Development usually takes around five years. Once you pick a disease to target, you have to create the vaccine and test it on animals. Then you begin testing for safety and efficacy in humans.
Safety and efficacy are the two most important goals for every vaccine. Safety is exactly what it sounds like: is the vaccine safe to give to people? Some minor side effects (like a mild fever or injection site pain) can be acceptable, but you don’t want to inoculate people with something that makes them sick.
Efficacy measures how well the vaccine protects you from getting sick. Although you’d ideally want a vaccine to have 100 percent efficacy, many don’t. For example, this year’s flu vaccine is around 45 percent effective.
To test for safety and efficacy, every vaccine goes through three phases of trials:
- Phase one is the safety trial. A small group of healthy volunteers gets the vaccine candidate. You try out different dosages to create the strongest immune response at the lowest effective dose without serious side effects.
- Once you’ve settled on a formula, you move onto phase two, which tells you how well the vaccine works in the people who are intended to get it. This time, hundreds of people get the vaccine. This cohort should include people of different ages and health statuses.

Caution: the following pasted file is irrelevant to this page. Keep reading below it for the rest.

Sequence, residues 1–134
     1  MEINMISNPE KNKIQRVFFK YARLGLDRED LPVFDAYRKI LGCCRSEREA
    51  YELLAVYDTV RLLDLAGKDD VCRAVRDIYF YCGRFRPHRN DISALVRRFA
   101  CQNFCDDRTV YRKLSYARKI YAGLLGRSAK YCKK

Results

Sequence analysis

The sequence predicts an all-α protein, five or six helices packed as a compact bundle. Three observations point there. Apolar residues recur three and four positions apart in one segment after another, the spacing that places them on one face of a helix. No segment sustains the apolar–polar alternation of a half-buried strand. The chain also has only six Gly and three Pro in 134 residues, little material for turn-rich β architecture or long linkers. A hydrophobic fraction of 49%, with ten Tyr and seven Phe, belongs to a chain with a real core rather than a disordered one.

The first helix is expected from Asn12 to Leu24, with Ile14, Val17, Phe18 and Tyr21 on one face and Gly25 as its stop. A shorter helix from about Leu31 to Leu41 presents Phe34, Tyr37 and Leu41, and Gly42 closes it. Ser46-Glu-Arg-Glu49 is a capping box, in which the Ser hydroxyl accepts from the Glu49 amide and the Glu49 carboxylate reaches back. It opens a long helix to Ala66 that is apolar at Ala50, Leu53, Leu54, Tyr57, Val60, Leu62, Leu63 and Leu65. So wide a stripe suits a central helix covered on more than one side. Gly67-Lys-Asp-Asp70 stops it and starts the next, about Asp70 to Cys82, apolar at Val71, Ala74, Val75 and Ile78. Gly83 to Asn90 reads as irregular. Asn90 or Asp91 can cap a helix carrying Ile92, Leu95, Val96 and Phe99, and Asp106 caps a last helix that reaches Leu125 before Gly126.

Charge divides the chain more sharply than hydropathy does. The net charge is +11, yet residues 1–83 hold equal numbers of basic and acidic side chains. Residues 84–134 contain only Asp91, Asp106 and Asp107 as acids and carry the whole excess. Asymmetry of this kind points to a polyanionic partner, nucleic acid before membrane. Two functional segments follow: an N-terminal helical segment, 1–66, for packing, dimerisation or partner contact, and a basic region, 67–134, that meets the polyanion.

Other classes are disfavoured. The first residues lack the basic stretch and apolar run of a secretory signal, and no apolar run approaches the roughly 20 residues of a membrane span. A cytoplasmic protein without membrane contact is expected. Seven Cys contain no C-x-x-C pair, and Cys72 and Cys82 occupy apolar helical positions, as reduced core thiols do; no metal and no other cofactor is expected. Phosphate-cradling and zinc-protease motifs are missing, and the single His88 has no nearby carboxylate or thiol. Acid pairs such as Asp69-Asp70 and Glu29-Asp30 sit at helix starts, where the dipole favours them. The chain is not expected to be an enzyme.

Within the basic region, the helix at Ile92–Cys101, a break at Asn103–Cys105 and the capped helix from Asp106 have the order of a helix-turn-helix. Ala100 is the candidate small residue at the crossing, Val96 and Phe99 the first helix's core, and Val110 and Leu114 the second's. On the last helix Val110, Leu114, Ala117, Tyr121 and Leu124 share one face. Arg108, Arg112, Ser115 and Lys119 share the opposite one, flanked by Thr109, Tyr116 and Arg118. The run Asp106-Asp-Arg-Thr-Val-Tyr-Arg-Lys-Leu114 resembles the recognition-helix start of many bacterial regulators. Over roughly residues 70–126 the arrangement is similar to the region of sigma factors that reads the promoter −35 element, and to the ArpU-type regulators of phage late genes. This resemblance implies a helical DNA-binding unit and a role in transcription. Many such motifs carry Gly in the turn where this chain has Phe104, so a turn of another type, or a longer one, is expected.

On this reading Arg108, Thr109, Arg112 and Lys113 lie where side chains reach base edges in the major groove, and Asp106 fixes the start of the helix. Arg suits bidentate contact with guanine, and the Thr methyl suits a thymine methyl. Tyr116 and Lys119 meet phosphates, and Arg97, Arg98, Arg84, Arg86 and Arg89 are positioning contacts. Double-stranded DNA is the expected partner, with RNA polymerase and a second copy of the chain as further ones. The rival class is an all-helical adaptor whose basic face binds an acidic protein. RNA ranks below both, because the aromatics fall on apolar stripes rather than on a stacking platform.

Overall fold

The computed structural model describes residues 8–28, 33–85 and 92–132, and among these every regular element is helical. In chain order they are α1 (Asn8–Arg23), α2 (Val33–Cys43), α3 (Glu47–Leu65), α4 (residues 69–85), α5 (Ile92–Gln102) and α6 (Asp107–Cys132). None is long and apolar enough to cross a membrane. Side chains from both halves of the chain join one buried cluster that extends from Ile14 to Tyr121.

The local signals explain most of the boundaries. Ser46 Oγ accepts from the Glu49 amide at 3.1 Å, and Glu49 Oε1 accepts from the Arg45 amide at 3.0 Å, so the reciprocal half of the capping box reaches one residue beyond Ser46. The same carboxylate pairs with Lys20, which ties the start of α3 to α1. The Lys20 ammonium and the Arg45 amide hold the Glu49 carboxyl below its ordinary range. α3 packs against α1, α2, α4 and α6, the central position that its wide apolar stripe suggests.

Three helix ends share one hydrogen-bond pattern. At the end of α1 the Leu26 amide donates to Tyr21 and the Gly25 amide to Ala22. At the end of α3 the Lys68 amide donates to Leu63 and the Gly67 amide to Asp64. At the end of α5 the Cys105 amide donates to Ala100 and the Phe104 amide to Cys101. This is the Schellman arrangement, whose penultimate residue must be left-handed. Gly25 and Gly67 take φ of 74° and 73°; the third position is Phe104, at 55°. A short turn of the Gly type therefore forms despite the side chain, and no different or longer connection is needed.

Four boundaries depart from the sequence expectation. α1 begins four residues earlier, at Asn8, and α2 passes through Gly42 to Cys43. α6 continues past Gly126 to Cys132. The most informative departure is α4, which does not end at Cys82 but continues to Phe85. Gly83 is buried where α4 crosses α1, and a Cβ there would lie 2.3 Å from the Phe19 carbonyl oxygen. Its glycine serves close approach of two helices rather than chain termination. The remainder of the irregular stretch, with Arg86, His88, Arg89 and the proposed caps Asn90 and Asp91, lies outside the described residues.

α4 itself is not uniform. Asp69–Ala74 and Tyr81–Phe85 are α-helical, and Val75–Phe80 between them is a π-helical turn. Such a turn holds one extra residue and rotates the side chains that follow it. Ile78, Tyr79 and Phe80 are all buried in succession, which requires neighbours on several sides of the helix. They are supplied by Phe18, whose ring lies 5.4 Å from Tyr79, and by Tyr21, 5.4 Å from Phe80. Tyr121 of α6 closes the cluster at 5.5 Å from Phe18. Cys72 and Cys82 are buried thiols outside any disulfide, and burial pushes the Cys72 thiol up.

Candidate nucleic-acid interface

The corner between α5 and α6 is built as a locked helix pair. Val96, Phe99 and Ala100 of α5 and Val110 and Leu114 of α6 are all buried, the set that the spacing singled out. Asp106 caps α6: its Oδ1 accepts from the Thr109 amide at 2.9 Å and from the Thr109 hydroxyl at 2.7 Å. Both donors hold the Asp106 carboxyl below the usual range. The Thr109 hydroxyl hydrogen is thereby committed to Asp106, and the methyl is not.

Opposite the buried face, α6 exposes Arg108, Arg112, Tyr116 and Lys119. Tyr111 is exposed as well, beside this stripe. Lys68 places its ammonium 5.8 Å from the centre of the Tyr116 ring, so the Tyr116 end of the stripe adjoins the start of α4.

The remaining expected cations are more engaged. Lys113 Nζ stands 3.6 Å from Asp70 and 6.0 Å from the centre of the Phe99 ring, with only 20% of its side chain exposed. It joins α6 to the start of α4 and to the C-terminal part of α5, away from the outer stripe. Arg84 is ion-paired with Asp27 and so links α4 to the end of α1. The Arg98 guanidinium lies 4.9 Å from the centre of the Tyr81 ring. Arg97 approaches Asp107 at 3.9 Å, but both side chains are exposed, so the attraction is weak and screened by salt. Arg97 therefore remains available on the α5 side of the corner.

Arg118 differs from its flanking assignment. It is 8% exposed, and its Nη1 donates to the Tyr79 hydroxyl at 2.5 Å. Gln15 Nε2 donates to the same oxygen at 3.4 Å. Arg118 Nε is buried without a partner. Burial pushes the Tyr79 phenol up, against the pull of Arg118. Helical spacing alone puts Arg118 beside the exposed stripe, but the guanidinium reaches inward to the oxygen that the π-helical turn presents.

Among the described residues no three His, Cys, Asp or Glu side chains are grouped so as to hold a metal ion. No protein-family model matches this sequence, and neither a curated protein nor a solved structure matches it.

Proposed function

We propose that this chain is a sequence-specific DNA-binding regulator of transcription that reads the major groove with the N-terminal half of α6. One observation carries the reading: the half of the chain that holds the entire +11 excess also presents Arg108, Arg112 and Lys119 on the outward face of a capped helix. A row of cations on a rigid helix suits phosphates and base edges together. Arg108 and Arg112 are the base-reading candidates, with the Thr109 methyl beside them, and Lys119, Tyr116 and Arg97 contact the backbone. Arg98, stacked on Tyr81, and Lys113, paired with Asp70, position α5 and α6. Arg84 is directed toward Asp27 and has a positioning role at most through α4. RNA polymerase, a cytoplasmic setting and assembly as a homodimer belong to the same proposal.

- Then, in phase three, you give it to thousands of people. This is usually the longest phase, because it occurs in what’s called “natural disease conditions.” You introduce it to a large group of people who are likely already at the risk of infection by the target pathogen, and then wait and see if the vaccine reduces how many people get sick.
After the vaccine passes all three trial phases, you start building the factories to manufacture it, and it gets submitted to the WHO and various government agencies for approval.
For COVID-19, financing development is not an issue. Governments and other organizations (including our foundation and an amazing alliance called the Coalition for Epidemic Preparedness Innovations) have made it clear they will support whatever it takes to find a vaccine.
So, scientists are able to save time by doing several of the development steps at once. For example, the private sector, governments, and our foundation are going to start identifying facilities to manufacture different potential vaccines. If some of those facilities end up going unused, that’s okay. It’s a small price to pay for getting ahead on production.
Fortunately, compressing the trial timeline isn’t the only way to take a process that usually takes five years and get it done in 18 months.
Another way we’re going to do that is by testing lots of different approaches at the same time.
There are dozens of candidates in the pipeline.
As of April 9, there are 115 different COVID-19 vaccine candidates in the development pipeline.